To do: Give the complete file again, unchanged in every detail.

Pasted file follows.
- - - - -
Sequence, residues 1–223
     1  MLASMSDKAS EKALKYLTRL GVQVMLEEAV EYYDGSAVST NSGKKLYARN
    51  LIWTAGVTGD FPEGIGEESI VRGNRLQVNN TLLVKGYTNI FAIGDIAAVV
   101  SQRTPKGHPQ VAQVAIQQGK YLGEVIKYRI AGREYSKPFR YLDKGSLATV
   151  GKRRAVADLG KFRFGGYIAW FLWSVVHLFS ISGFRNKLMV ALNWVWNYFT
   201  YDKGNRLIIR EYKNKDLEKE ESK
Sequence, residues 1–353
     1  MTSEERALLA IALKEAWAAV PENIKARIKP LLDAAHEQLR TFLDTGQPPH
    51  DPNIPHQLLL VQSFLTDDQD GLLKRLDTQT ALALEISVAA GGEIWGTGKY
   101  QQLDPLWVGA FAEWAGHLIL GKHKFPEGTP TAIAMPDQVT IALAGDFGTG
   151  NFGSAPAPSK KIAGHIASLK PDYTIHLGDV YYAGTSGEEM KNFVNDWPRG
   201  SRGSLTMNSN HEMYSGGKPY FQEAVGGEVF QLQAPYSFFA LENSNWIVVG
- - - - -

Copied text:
Sequence, residues 1–223
     1  MLASMSDKAS EKALKYLTRL GVQVMLEEAV EYYDGSAVST NSGKKLYARN
    51  LIWTAGVTGD FPEGIGEESI VRGNRLQVNN TLLVKGYTNI FAIGDIAAVV
   101  SQRTPKGHPQ VAQVAIQQGK YLGEVIKYRI AGREYSKPFR YLDKGSLATV
   151  GKRRAVADLG KFRFGGYIAW FLWSVVHLFS ISGFRNKLMV ALNWVWNYFT
   201  YDKGNRLIIR EYKNKDLEKE ESK
Sequence, residues 1–353
     1  MTSEERALLA IALKEAWAAV PENIKARIKP LLDAAHEQLR TFLDTGQPPH
    51  DPNIPHQLLL VQSFLTDDQD GLLKRLDTQT ALALEISVAA GGEIWGTGKY
   101  QQLDPLWVGA FAEWAGHLIL GKHKFPEGTP TAIAMPDQVT IALAGDFGTG
   151  NFGSAPAPSK KIAGHIASLK PDYTIHLGDV YYAGTSGEEM KNFVNDWPRG
   201  SRGSLTMNSN HEMYSGGKPY FQEAVGGEVF QLQAPYSFFA LENSNWIVVG